May 20, 201301:20 PMVan Lines
with Joe Vanden Plas
About those state jobs numbers …
(page 1 of 2)
Anyone who is familiar with the phrase “lies, damned lies, and statistics” will understand the editorial decision that I’m about to explain. The poster child for this saying could well be the preliminary – and we do mean preliminary – monthly jobs data for Wisconsin that are released by the Department of Workforce Development, based on statistical information provided by the U.S. Bureau of Labor Statistics.
Last week, the preliminary report for April showed that Wisconsin’s total employment rose by 7,800 in April of 2013 and the unemployment rate was 7.1%, unchanged from the previous month.
Don’t believe it, at least not yet.
IB has made the decision not to emphasize the preliminary monthly state reports because they have proven to be wildly inaccurate and at times subject to substantial revision. The reason they are wildly inaccurate is because they are based on a very small sampling of Wisconsin businesses, roughly 3.5%, as noted during last year’s gubernatorial recall election.
Instead, we’ve made an editorial decision to highlight the previous month’s revised report and de-emphasize preliminary data from the most recent month.
IB also chooses to emphasize the Quarterly Census of Employment and Wages, the QCEW, which is published much later than the monthly reports but is based on a sample size of roughly 95% of state employers. This report shows the state gained 32,000 jobs during the past 12-month period, and 62,000 over the past two years.
For clarity’s sake, it’s more worthwhile to report revised seasonally adjusted numbers for March, which don’t paint a very pretty picture. After preliminary numbers showed the state lost 8,500 jobs that month, the revised numbers show a loss of 7,000. Keep in mind that those are seasonally adjusted numbers. The not-seasonally-adjusted numbers for March show a small gain of 100 jobs.
Note to conspiracy theorists: There is no hidden political agenda here. We have not made this decision to make Gov. Scott Walker look good. Even the more reliable quarterly reports show that job growth is about half of the 250,000 new jobs he promised when he ran for governor. We’ll let Wisconsin residents decide whether to hold that against him or give him a pass because there has at least been moderate improvement.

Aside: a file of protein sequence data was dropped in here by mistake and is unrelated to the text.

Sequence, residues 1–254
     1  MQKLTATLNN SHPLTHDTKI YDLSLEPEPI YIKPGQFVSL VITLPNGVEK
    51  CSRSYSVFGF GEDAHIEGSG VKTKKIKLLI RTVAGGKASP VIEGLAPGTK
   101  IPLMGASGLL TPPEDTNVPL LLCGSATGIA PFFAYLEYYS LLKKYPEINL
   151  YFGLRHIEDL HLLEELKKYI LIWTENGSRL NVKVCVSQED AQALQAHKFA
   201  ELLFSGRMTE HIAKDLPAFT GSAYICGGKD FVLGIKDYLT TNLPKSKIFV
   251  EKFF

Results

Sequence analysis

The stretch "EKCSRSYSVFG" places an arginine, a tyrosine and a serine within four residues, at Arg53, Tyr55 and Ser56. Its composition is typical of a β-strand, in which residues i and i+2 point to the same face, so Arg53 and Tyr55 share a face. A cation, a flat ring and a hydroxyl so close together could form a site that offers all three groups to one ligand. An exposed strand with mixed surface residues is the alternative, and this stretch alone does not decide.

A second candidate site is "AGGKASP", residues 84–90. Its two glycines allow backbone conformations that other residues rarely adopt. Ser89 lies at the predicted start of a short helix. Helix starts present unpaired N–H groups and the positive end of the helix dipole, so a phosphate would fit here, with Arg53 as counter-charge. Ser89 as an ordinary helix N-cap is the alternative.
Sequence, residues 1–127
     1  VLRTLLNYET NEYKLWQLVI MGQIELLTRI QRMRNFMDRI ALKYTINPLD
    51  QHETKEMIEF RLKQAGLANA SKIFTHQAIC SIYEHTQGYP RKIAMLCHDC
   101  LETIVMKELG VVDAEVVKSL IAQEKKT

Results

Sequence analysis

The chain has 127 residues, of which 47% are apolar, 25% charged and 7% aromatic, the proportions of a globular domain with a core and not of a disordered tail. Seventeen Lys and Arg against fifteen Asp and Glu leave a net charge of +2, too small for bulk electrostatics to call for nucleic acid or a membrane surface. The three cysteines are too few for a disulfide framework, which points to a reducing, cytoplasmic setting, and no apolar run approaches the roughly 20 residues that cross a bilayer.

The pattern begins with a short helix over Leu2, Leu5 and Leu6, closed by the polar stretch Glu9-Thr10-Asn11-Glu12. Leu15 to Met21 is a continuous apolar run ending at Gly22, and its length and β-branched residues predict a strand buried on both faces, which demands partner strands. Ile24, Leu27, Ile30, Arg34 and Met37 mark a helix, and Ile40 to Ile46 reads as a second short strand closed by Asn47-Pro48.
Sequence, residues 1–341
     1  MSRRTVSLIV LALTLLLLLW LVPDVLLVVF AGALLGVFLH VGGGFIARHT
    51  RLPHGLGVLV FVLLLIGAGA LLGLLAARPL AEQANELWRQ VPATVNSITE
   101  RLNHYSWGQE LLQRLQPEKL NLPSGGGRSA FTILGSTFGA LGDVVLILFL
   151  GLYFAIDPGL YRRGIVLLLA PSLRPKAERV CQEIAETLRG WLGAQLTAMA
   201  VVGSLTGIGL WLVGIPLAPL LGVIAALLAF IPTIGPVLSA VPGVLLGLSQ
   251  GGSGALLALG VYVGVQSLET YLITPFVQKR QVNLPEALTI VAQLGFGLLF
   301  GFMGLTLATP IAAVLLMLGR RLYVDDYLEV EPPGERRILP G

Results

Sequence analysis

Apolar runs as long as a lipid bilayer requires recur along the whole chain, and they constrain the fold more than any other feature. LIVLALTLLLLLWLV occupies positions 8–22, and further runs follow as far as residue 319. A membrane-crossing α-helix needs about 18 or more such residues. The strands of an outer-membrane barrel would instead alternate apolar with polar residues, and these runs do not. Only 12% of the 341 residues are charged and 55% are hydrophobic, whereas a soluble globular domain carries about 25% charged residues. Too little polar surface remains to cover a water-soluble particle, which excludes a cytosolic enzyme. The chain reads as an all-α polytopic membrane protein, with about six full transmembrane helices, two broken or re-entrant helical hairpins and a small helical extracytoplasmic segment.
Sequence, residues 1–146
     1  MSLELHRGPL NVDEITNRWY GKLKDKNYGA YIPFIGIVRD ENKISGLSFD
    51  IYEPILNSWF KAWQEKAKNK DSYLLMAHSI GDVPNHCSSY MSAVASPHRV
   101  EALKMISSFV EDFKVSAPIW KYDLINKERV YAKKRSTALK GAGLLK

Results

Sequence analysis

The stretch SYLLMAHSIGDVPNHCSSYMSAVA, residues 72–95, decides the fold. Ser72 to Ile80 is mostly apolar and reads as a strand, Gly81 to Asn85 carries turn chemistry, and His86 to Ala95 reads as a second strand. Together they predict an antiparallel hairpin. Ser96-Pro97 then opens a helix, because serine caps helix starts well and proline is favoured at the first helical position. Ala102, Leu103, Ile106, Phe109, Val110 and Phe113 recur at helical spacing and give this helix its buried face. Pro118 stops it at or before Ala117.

For those of you keeping score, the state would have had to create 62,500 jobs per year, or an average of 5,208 per month, for Walker to fulfill his pledge over the four years of his term. Since he’s at about half that pace, he would have to double those numbers, a very unlikely scenario.
Incredible shrinking deficit
No matter what either employment measure says, there is reason to be upbeat about the state (and national) economy. Higher tax collections at both levels, for one, indicate a gradually improving economy.
In Washington, a combination of higher tax collections from economic growth and lower-than-anticipated spending due to the sequester has the federal budget deficit shrinking to $642 billion in the fiscal year that ends on Sept. 30, according to the Congressional Budget Office. Three months ago, the projected FY 2013 shortfall was $845 billion, and the actual deficit for all of FY 2012 was $1.087 billion, which means we’re at least adding debt at a slower pace.
For the remaining few of us who still believe deficits matter, this is welcome news, especially after four consecutive years of deficits in excess of $1 trillion. It’s hardly time to pop champagne corks because there still is much more work to be done, but it shows what the combination of economic growth (however moderate that happens to be) and spending restraint can do to shrink an annual shortfall.
There’s more revenue to be had from tax reform that lowers the corporate rate in exchange for eliminating tax breaks for the wealthy and well connected. Such reform will be labeled as “revenue neutral” because the dynamic impacts of the lower rate will not be factored into to the CBO’s estimates, but it could spur enough hiring and business activity to blow through the CBO’s “static” scoring.